“All the work of the last 22 weeks was for that?
I felt way better about myself and what I had accomplished before this morning.
Why did I feel the need to step on stage?”
Back in the locker room, I saw a text from my friend, Lance, who was in the audience: “Awesome job! You look great. Let me know when you come out so I can come see you.” My response: “I feel like I did so shitty.” On my way out to meet Lance in the lobby, a fellow “figure sister”, Leah, who knew this was my first show asked me how I felt. When I responded with, “I feel awful. I don’t even feel like staying for the evening show,” she kindly told me that I did awesome (and likely some other kind words that I can’t recall, unfortunately).
I met Lance in the lobby, just as Dani was arriving, and I slowly began to start to process what had just happened. We snapped a few pictures and gathered my things to go back to the hotel. I called Lisa (my posing/training coach), and I was able to start to put things into perspective. The afternoon was spent trying to “let it be”, taking walks with friends, including my best friend, Shelley, who arrived early afternoon, and taking the time to be alone in order to mentally prepare for the evening show.
In the midst of any struggle, we have a choice between two actions. One action will move us toward what matters to us, and the other will alleviate or reduce some of the pain/fear/discomfort but also move us away from what is important.
Getting back on that stage was necessary.
Despite the still-present nerves as I walked back out on the stage, the evening show felt more relaxed. We did not have to do all of the comparison rounds, just a single model pose before waiting to hear the results. I still felt a little “stiff” while doing my model pose center stage, but it was nowhere close to how I felt in the morning. Then...
"Number 3!" (announced by the head judge)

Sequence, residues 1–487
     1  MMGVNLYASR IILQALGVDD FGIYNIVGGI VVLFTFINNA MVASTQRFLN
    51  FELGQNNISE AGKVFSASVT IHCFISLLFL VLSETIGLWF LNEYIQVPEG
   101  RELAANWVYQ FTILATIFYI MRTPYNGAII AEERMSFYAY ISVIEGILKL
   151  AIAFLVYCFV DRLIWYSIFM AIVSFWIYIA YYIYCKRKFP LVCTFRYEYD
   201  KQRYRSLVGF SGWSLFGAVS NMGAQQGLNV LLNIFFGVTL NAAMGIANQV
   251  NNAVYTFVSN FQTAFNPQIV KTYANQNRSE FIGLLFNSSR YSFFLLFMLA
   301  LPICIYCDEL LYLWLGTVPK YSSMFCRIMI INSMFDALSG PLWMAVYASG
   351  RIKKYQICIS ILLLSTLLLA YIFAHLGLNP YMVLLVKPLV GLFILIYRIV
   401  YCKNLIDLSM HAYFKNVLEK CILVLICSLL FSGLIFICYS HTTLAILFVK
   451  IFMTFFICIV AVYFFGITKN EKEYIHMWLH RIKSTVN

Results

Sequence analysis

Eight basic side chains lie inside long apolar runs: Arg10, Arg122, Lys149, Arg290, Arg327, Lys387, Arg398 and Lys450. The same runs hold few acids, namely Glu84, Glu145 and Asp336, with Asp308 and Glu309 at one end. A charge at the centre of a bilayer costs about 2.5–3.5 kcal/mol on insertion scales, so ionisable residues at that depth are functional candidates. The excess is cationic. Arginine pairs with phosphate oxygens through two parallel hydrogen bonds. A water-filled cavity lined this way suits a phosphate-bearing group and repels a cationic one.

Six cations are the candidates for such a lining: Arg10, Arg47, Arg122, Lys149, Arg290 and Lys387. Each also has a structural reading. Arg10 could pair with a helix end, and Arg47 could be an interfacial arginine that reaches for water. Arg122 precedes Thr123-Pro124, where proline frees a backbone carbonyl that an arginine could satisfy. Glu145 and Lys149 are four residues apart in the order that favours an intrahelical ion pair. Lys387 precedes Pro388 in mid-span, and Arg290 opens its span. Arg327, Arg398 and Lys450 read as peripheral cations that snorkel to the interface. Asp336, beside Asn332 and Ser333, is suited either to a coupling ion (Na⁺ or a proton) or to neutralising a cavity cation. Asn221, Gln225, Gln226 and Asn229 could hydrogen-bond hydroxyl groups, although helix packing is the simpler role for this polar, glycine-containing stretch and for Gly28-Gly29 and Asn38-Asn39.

What?!! That call-out meant I was in the Top 5 of my novice class. Likely with a look of confusion on my face and in disbelief of what I had just heard, I walked across to the opposite side of the stage...and it happened 2 more times! I placed 5th in all three figure classes (novice, open, masters 35+).
Amidst the nervousness, my moment happened. I felt a sense of calm rush over me as I stood center stage. I could feel myself smiling big, standing tall and confidently. THAT was the moment I had been waiting for--to physically “feel” the strength and beauty that I know I have within myself.
For me, this show had nothing to do with competing against the other women who graced the stage that day. This show was much more personal. When I made the decision 24 weeks earlier to “go for it”, I initially looked at the competition as being the equivalent to running the marathon I’ll never run. My long distance running days are over, so I wanted something big and scary to work toward. Getting “glammed up” and stepping on stage was certainly going to push me outside my comfort zone, but I knew I could do the work to get there, so I went for it.
What I didn’t realize was that embarking on that journey would reinforce the authentic self I have been discovering over the last few years. After spending so much of my life living according to the real and/or perceived expectations of others, I’ve begun to break down “walls”, forge new paths, and develop and share my true self in both my personal and professional roles and relationships.
So, what was my true “win” that weekend? I set a "want to" (versus "have to") goal that mattered to me, put in the time and the work necessary to reach my goal, stayed true to my values during the process, and didn’t let fear stop me from finishing what I set out to do. My “stage fright” taught me that I am still human; struggles are simply part of the journey and often pop up unannounced.
We choose our reaction. Struggles and obstacles that "get in the way" of our goals are not something that most of us welcome with open arms. When they do appear, however, these challenges give us the opportunity to notice feelings, emotions, thoughts. We are also able to notice whether our actions are "working" for us and moving us toward what matters to us. All of this is simply a bunch of data!
In the midst of the struggle, notice what is happening, remind yourself what matters, and choose values-aligned actions.
Ultimately, that weekend was full of a lot of awesomeness--the friends who were there to support me, the smiles, the laughter, the “moment” I finally had, the “sisters” with whom I've stayed in touch, and the fact that, despite experiencing the unwanted emotions and chatter from my inner critic, I moved toward what mattered to me.